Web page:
Last week I popped over to Paris to take part in a short UNESCO Working Group meeting. After arriving mid-evening on the Eurostar, I decided to walk the one hour or so to my hotel. There’s no better way of seeing a city. Among the usual sites I gradually became more and more aware of the number of young families – refugees – begging on the streets. Children no older than my own sitting out in the cold and dark with nothing as their childhoods drifted away. As a father myself I find dealing with this extremely difficult, something I spoke about at TEDxMunich last year.
I doubled back and gave one family the €5 note I had in my bag. A pathetic gesture given their position. But the hopelessness of the situation did get me thinking again about random acts of kindness, and the act of ‘giving out of kindness and nothing more’. I wrote about some of this a little while ago here.
With this fresh in my mind, the day after I got back I decided to try out a little experiment. I posted a Twitter poll to see if I could get the answer to a question that had been on my mind for a while. I had no idea what to expect and, although the sample size wasn’t fantastic, I was encouraged enough by the results to work a little more on the idea.
So, over the weekend I posted up a call on Twitter, Facebook, Instagram and LinkedIn for contributors to do just that – donate an unconditional amount to a stranger each month. I upped the monthly payment a little, asking for monthly contributions of $15/£10, and capped the commitment at 12 months. By the time the weekend was out, over 30 people had pledged to help. Pledges have continued to come in.
Through a trusted, long-time contact in Nigeria we have already identified ten women and their families as recipients of the monthly donations. Assuming everyone goes through with their pledge, every family will receive approximately $50 each month which, based on our initial conversations with them will give an average of a 50% increase in disposable income.
There are two sets of wider questions I’ve been wanting to answer by doing this.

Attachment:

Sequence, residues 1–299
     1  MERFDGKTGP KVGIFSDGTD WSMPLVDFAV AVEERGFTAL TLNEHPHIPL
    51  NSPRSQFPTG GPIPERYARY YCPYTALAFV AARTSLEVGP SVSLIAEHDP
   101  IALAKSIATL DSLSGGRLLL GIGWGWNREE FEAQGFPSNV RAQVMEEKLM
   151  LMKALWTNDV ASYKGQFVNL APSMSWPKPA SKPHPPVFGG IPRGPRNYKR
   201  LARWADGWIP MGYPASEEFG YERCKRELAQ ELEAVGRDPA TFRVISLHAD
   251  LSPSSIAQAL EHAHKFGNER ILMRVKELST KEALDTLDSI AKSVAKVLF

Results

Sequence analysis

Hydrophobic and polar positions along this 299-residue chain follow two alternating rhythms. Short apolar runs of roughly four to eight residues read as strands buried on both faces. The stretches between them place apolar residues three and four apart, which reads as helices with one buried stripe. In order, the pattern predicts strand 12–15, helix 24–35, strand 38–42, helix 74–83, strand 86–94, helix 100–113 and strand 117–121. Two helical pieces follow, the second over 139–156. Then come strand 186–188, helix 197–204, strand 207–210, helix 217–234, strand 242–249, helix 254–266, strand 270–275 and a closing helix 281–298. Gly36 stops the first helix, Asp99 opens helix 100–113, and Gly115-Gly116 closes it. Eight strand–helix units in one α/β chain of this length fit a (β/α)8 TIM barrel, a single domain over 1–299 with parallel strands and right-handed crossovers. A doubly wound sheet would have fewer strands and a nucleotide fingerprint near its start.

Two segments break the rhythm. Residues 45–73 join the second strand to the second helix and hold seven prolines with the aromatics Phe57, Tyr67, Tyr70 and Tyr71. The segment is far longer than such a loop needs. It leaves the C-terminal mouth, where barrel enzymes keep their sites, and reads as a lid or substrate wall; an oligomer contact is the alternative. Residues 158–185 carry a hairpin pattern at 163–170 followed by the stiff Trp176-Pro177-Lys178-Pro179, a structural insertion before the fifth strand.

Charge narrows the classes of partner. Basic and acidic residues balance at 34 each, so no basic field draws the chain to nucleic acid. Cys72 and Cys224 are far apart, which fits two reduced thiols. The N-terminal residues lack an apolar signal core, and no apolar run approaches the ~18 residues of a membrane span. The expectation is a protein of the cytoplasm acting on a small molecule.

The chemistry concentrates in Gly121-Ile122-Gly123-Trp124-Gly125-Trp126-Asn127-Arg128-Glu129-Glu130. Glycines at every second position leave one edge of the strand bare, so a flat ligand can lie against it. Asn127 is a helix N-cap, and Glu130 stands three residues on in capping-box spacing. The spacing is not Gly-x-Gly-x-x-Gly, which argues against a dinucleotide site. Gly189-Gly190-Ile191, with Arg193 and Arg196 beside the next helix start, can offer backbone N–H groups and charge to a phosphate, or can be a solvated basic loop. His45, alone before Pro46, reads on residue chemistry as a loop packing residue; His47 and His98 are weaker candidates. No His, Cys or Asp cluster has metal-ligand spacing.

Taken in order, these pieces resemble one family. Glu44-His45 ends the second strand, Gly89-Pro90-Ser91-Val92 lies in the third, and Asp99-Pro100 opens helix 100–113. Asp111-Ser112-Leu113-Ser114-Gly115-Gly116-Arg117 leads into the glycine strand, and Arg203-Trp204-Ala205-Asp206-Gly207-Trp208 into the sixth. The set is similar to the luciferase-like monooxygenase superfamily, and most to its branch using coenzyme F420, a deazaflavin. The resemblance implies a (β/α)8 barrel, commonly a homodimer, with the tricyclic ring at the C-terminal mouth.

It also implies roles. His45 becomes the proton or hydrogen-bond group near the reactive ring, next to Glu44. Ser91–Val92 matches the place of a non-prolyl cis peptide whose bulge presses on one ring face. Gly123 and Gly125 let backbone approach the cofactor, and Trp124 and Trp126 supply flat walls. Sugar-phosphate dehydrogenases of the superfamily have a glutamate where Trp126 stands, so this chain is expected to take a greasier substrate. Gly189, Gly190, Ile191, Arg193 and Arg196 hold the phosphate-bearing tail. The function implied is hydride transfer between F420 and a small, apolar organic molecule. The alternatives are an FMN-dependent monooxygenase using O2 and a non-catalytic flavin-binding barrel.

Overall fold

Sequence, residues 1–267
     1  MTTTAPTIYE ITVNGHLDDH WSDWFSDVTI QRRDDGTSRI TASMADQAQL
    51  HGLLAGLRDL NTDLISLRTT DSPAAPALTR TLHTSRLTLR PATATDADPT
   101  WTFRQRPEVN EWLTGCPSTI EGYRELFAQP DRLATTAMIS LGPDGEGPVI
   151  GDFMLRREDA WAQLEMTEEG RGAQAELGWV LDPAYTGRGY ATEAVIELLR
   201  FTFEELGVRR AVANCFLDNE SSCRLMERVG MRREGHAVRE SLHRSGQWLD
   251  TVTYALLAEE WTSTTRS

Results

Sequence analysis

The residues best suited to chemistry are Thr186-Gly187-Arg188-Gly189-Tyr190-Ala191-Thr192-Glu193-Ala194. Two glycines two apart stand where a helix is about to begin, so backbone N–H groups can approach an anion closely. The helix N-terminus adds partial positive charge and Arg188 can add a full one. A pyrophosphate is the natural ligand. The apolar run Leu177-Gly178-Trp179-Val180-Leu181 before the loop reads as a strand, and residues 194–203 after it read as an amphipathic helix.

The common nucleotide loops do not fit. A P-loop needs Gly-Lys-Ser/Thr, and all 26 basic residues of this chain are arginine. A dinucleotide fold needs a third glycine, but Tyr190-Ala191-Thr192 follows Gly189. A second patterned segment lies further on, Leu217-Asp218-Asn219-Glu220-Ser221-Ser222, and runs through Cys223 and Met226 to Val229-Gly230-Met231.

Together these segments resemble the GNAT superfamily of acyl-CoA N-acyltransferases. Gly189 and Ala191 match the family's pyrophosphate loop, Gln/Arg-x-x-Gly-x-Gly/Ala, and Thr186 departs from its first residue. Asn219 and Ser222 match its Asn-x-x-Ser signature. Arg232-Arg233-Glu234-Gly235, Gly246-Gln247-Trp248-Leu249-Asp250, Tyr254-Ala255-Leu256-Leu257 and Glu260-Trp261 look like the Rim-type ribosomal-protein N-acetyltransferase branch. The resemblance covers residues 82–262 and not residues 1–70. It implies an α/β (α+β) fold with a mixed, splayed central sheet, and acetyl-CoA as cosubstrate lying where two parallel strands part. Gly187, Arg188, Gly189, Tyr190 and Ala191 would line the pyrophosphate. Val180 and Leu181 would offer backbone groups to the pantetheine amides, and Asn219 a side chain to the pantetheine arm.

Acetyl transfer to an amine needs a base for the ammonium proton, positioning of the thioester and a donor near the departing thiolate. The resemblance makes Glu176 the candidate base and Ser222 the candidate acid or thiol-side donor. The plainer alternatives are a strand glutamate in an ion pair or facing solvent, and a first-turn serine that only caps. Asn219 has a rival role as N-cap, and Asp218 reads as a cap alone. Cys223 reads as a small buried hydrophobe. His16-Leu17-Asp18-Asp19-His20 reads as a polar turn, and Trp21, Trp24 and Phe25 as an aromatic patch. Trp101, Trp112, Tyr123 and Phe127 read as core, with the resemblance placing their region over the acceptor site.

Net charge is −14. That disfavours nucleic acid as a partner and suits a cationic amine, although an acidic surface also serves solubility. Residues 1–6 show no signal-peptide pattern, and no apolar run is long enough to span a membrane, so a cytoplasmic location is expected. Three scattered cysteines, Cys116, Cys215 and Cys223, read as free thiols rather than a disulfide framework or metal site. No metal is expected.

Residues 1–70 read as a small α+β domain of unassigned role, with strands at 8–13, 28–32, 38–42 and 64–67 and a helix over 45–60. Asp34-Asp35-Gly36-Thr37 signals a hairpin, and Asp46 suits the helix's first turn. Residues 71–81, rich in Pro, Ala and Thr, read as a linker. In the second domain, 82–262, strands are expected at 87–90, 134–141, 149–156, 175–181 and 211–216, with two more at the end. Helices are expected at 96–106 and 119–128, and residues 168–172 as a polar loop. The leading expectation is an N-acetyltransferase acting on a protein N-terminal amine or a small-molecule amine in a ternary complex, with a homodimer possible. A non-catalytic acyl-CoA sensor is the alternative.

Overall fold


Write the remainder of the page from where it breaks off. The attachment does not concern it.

On the contributor side
- Would people be happy to give money without knowing how it was going to be spent?
- Would people be happy to give money without knowing anything about the recipient?
- Would people be happy to give money without any guarantee of impact or results?
- Are people happy giving ‘just’ to help make someones life easier, and to give them hope?
- At what level of giving do these things not matter?
- At what level of giving do these things matter?
- Do people need ‘trusted intermediaries’ (i.e. charities) in order to feel comfortable giving?
- How important is the feeling of a direct connection with the recipient?
- How important is full transparency and honesty/openness in a project like this?
- Is there a future for this kind of giving?
On the receiver side
- What difference does it make in the lives of the recipients knowing that people are willing to help them?
- Does giving them hope and the potential to improve their lives make any difference to them and their families?
- What do they choose to spend the money on?
- What impact does it have that the money is unconditional?
- Is there any long term impact of receiving this help over a 12 month period?
- Is there a future for this kind of receiving?
Long-time friend Marieme Jamme has already raised concerns about the notion of ‘experimenting’ with a group of women, drawing parallels with the many other development efforts and pilots that treat target African populations as guinea pigs for Western ideas. I have worked hard throughout my career to work closely with grassroots organisations, and to empower local actors. Although I appreciate her concerns, I believe making the gift unconditional, and over an extended period, genuinely gives these women and their families a chance to better their lives, and everyone involved in the project is doing it for the right reasons, and out of a desire to be part of something that might make a difference.
The project also potentially answers some very interesting – and potentially disruptive – questions around the nature of personal, direct, unconditional giving. Charities spend huge amounts of time and money making the case for their projects, and collecting evidence to prove impact (which sometimes, if we’re honest, isn’t as accurate as we’d like it to be).
If enough people are willing to give a modest amount without worrying too much about the guarantees most charities think they need and want, how much more good can be done? How many more people might give? What might this mean for the future of personal, charitable giving?
The parameters of the project are still being decided with the contributors, but it is our intention to be as open and transparent as possible about what we’re doing, and how we’re doing it – so expect some kind of project website soon.
In the meantime, if you’re interested in what we’re doing feel free to comment or get in touch.
Further reading on some of the thinking behind the project can be found here